Analyse & Kritik

Journal of Philosophy and Social Theory

Focus: Ukraine and Political Realism

2022 (44) Issue 2


It is an issue of debate as to which side did more to breathe new life into political realism within the menu of international relations theories: whether or not Putin’s war has been effective against Ukraine, or John Mearsheimer’s accusation that, since 2014 at the latest, ‘the West’ would be responsible for a war. Certainly, the Russian invasion in terms of its style, propaganda and accompanying drama looks as though its initiators tried to enact the most straightforward, brutal and si...

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Table of Contents

Focus: Ukraine and Political Realism

Title: Mearsheimer, Realism, and the Ukraine War
Author: Nicholas Ross Smith and Grant Dawson
Page: 175-200

The usefulness of ‘realism’ in explaining Russia’s decision to invade Ukraine has become a keenly contested debate not only in International Relations but in wider public intellectual discourse since the onset of the war in February 2022. At the centre of this debate is the punditry of John J. Mearsheimer, a prominent offensive realist who is a Professor of International Relations at the University of Chicago. This article argues that although Mearsheimer is indeed a realist, his offensive realism is but one of many different realist theories that can forward an explanation of the Ukraine War. Beyond the apparent hegemony of structural realism (the branch of realism to which Mearsheimer’s offensive realism belongs), it is argued that classical and neoclassical realist frameworks can provide more nuanced and, ultimately, convincing arguments as to why Russian President Vladimir Putin decided to invade Ukraine. This is because both classical and neoclassical realism can incorporate insights from non-realist studies—such as the concepts of civilization and ontological security—and combine them into an overarching power politics framework. Although neither classical nor neoclassical realism is flawless in their explanations, they demonstrate that realism does not just have to be about international power structures but can offer multivariate accounts of why a state, like Russia, decided to act, such as invading Ukraine.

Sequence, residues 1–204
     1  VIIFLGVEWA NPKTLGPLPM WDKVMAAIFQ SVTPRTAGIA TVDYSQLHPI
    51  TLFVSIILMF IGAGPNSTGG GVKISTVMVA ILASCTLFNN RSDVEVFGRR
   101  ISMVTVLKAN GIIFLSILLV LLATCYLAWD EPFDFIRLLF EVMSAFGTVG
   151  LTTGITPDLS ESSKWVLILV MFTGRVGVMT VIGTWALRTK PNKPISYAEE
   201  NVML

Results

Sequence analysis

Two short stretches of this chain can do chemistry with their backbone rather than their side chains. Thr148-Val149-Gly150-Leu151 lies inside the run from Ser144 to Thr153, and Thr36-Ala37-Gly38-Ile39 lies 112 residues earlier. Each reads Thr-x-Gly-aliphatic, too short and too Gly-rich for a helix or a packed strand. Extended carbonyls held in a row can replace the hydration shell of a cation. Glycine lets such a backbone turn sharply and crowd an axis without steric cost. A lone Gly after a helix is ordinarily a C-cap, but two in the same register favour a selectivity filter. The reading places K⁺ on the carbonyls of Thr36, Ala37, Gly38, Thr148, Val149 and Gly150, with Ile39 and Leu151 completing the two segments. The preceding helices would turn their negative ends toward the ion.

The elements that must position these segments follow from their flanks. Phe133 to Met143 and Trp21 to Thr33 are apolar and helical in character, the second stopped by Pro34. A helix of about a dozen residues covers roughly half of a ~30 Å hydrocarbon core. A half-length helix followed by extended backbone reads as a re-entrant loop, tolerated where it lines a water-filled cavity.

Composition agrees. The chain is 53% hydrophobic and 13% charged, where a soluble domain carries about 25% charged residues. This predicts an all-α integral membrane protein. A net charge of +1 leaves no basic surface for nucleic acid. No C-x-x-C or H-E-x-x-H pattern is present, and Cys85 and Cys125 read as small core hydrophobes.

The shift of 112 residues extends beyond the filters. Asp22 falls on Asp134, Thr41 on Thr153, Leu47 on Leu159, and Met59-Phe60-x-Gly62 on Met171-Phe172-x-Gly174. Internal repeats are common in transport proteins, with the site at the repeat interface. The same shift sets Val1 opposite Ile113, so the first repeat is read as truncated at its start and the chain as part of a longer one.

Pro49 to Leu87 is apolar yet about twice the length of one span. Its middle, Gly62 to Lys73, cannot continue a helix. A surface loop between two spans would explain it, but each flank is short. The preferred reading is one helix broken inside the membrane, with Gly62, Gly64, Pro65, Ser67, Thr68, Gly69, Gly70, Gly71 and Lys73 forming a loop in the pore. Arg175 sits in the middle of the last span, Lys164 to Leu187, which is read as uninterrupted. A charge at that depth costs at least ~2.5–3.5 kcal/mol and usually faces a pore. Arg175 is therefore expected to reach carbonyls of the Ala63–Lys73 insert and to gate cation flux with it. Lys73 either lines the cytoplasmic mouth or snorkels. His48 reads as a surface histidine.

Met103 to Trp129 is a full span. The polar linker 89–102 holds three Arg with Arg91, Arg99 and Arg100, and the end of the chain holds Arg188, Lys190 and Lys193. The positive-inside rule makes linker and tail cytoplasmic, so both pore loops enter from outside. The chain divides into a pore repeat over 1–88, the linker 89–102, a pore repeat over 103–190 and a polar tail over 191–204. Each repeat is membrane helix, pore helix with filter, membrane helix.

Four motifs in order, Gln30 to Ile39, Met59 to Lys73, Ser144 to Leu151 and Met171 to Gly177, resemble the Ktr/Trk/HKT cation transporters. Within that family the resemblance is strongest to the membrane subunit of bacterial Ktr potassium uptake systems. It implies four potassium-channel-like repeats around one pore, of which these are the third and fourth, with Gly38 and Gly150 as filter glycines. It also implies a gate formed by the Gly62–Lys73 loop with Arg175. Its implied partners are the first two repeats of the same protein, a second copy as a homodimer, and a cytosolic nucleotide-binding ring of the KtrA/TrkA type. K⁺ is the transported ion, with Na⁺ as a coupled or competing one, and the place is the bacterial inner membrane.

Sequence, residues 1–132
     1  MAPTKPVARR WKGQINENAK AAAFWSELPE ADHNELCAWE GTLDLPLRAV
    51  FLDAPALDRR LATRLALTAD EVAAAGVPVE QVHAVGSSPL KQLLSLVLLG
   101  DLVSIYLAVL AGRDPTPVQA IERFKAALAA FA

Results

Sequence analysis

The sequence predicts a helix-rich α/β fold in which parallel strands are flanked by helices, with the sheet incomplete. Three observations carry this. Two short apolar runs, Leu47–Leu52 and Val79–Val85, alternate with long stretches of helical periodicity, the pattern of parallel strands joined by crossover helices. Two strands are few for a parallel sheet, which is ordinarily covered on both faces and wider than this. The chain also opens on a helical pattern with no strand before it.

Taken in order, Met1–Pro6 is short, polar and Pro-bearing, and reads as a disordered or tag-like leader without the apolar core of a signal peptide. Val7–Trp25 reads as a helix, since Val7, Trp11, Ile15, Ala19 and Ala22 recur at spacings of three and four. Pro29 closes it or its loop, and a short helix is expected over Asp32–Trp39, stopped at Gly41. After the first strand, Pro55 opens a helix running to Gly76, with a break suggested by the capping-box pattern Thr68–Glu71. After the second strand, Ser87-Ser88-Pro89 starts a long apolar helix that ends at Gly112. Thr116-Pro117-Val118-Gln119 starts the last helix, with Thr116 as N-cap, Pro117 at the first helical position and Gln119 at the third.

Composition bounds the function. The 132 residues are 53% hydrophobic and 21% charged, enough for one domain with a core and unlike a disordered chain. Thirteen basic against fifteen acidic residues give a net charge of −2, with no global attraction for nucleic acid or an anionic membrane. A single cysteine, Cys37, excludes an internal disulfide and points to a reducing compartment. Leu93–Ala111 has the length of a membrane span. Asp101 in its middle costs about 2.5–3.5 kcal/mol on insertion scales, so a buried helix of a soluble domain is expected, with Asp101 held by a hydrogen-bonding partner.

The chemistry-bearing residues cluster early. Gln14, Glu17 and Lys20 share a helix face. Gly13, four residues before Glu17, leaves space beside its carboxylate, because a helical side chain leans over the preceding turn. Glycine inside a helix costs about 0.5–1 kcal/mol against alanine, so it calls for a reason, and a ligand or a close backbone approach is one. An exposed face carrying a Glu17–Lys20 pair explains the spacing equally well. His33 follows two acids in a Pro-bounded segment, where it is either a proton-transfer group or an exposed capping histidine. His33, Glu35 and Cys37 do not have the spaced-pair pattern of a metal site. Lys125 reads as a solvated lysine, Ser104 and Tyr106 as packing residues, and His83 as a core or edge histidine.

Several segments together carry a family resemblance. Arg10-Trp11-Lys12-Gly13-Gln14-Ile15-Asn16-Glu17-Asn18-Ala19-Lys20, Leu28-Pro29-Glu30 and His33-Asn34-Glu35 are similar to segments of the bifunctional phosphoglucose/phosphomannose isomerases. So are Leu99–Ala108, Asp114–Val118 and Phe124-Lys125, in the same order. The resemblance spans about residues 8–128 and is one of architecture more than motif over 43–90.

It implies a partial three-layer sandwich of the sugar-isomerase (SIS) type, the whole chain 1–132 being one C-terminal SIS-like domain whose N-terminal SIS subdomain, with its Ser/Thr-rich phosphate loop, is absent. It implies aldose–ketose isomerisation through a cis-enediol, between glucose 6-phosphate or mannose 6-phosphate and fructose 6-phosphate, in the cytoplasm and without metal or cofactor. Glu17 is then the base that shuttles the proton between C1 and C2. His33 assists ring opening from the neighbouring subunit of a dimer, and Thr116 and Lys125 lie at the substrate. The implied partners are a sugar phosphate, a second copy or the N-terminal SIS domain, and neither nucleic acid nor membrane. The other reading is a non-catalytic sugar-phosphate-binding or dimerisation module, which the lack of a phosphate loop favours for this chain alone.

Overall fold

Title: Realism, the War in the Ukraine, and the Limits of Diplomacy
Author: Felix Rösch
Page: 201-218

Since the outbreak of the war in the Ukraine, realism has made a comeback in public discourses but it is not clear what realism actually means as it seems to stand for everything: from supporting the Ukraine against Russian aggression to the war is the West’s fault. This is the result of decades of not distinguishing between neorealism and classical realism and implicitly acknowledging neorealist storytelling of having systematized classical realist thought. The present paper is a further intervention to carefully distinguish between both theoretical perspectives to uncover what they can add to current world political problems. It finishes by asking if neorealist scholars like John Mearsheimer have a point that it is the West’s fault and a diplomatic solution needs to be found. They often refer to Hans Morgenthau not least because he was one of the most outspoken critics of the Vietnam War.

Title: The End of Open Society Realism?
Author: Robert Schuett
Page: 219-242

Does the ‘Zeitenwende’ herald the beginning of a new and as yet undefined open society realism? The present essay argues this question requires critical discussion of nature and value of realist political theory, particularly at a time where international society is accelerating to somewhere which is itself as yet unclear. Adding to revisionist research on political realism in International Relations (IR) theory I sketch how a political vision I call open society realism may be developed out of Classical realism, in sharp distinction to academic IR neorealism for methodological and political reasons. To strip foreign policy realism from Continental philosophy, law, and history risks that we become what political liberalism ought to avoid: a closed society with a good conscience retreating from world politics, hiding behind the ‘national’ interest as if strategic great power management is a methodic function of structure rather than the politics of an ethically conscious diplomacy.

Title: Realism after Ukraine: A Critique of Geopolitical Reason from Monroe to Mearsheimer
Author: Matthew Specter
Page: 243-267